The goal of this study was to investigate the relative roles of project/program managers and change managers on organizational change projects and the contextual factors that might affect the change management competencies required, the change activities that need to be undertaken, and the most appropriate professional background to manage the process. Analysis of literature and rich data drawn from carefully selected case studies has contributed to theoretical and practical understanding of the phenomenon and provides a sound basis for future research testing the findings in other settings and with different methodologies. In this study, the types of change projects were all IT implementations conducted in different types of organizations. Studies of different types of organizational change would be a useful further progression of this research.

The organizational factors that were studied here were specific to those that emerged in the three case studies, there are many other factors in organizations that influence or are influenced by organizational change projects. It would be worthwhile investigating organizational/contextual factors in greater depth, perhaps investigating each factor separately. A study such as this would contribute greatly to the understanding of how contextual factors influence project performance and how projects can obtain greater success and implement changes by recognizing and utilizing environmental factors.

This study has implications for both the theory of project management and change management. From a theoretical perspective, this study brings together two largely disparate fields that operate within the same organizational territory, that is, the management of change. The two fields are project/program management and change management, a field which has evolved from organizational development and human resources practices. In practice, there is often competition between project/program manager and change managers for the management role on organizational change projects but this study has demonstrated that there is opportunity for a fruitful partnership. From a theoretical perspective, change management can be seen as theory-rich while the role of the change manager is weakly supported in terms of professional formation. The project/program management field is generally considered to be theory-poor, while the roles of project and program manager are very well supported by professional bodies, standards, and certification processes. This suggests a fruitful opportunity for partnership not only in the management of organizational change projects, but in the theoretical and professional development.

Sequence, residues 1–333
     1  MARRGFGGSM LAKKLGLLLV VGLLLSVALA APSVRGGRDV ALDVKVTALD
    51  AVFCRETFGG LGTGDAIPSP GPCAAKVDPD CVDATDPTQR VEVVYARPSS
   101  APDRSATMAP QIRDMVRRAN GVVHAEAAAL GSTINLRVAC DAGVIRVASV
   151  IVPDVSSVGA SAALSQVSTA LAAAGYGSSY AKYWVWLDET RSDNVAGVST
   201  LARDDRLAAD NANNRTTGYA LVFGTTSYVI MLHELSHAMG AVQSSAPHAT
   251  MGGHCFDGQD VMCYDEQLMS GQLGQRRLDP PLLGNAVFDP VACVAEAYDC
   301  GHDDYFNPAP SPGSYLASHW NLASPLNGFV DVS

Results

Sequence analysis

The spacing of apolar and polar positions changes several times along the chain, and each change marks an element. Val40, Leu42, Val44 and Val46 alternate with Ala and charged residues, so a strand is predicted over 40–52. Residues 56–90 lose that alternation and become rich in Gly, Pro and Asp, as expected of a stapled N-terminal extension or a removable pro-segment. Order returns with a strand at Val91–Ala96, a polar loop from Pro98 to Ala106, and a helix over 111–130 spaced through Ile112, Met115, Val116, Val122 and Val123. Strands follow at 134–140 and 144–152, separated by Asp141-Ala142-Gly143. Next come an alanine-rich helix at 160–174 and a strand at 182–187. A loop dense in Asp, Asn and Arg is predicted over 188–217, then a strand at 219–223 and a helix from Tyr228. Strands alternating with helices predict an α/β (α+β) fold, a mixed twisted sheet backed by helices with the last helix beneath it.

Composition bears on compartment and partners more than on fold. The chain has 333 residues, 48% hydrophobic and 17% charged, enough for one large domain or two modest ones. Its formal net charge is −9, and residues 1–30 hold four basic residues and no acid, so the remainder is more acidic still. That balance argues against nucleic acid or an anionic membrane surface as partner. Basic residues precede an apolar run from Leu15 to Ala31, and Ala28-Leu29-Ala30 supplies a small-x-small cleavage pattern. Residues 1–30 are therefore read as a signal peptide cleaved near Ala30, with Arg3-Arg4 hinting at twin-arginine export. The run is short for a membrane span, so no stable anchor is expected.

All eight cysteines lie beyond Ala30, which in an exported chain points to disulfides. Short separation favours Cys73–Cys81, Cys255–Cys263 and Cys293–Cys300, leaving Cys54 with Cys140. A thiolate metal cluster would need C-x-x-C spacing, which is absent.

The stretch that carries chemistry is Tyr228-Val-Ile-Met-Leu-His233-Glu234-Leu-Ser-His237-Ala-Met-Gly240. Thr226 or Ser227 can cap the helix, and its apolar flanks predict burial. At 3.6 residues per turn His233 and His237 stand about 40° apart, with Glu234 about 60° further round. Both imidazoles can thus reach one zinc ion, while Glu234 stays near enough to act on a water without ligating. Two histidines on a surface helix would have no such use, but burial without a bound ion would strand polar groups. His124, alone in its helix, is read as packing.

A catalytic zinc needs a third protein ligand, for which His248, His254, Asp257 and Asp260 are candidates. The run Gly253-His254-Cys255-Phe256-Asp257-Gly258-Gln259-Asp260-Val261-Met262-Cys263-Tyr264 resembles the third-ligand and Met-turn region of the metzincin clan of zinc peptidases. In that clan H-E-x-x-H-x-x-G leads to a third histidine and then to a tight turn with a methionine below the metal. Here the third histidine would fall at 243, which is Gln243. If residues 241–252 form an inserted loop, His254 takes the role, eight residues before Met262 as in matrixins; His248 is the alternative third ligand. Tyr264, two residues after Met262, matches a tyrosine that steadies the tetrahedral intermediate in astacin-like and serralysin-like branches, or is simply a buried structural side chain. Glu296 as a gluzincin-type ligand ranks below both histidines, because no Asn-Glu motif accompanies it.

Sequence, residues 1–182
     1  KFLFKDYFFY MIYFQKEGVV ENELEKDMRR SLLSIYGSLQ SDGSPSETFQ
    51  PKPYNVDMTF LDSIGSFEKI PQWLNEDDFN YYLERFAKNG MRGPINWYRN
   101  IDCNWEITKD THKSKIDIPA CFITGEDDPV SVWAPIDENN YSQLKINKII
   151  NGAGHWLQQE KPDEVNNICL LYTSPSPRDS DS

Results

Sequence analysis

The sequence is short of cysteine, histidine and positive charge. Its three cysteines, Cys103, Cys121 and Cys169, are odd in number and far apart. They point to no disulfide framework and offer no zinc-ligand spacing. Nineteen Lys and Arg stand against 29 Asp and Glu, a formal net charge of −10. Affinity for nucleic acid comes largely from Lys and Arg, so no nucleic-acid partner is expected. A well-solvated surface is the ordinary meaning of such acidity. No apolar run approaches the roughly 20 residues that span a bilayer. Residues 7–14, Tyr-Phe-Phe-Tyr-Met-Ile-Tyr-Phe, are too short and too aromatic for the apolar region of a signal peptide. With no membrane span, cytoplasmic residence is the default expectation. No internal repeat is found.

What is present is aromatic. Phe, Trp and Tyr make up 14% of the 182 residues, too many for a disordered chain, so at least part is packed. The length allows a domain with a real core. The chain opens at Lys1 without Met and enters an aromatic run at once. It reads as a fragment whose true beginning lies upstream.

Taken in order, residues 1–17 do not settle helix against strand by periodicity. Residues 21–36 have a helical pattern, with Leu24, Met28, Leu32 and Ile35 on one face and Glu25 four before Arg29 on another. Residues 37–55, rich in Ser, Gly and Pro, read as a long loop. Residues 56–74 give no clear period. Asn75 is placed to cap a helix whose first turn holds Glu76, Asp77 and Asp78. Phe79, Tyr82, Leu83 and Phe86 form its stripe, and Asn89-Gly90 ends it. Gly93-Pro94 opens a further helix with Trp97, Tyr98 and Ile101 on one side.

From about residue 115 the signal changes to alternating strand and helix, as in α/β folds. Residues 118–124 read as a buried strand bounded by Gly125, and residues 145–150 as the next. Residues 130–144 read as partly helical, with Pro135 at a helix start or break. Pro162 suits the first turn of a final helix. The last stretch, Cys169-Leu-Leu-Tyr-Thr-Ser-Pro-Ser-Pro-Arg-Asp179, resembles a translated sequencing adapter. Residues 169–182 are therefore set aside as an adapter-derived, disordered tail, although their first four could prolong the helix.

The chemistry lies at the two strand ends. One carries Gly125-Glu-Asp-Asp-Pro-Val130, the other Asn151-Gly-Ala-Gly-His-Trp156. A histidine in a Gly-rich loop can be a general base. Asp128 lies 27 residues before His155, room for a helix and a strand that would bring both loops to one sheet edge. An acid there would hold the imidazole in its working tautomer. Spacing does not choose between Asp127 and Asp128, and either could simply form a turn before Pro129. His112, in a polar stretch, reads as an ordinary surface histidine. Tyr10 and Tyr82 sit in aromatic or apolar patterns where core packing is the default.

Another contribution of this study is in testing the claims of project and program managers as implementers of change. According to this study, and in contradiction to many papers and books written to date on the matter, project and program managers do not necessarily have the required competence or perform the full activities required to promote and implement the changes that they are leading as part of their projects. Although many authors suggest that project and program managers are implementers of change (Kliem & Ludin, 1992; Meredith & Dinsmore, 1993; Obeng, 1994; Mantel, 1995; Turner, Grude & Thurloway,1996; Pellegrinelli, 1997; Kerzner, 1998; Frame, 1999; Leybourne, 2006; Pappas, 2006; Thiry, 2006), the case studies analyzed do not support this when compared to change managers. The findings of this research have potential to contribute to curriculum and educational development for project and program managers.

A further contribution of this study is to highlight the need for professional formation for the role of change manager. This role has significant application in practice, but has been subjected to little scrutiny in terms of research. To date, there are few or no industry bodies representing the role, there are few academic courses designed to cater specifically for the role and there is no agreed governance for how the role is executed. The widespread and growing application of this role in practice suggests a need for professionalization.

In a practical sense, as a result of this study, a process model for project and change managers' involvement in organizational change and a matrix to assist in decisions about appointment of a project manager or change manager or both for organizational change projects have been presented. Results support the already well-practiced use of a change manager in the management of change and enhance understanding of how the Project / program manager and change manager relate to one another on Change projects. In recruitment for organizational change projects there needs to be consideration for the management of the change and the person who will drive the changes into the organization beyond the daily tasks of managing the project/program, performed by the project/program managers. The implications of having this additional role are in changes to the way projects are run, including their governance, reports, and all other project activities as well as the development of new project activities which are change management-specific.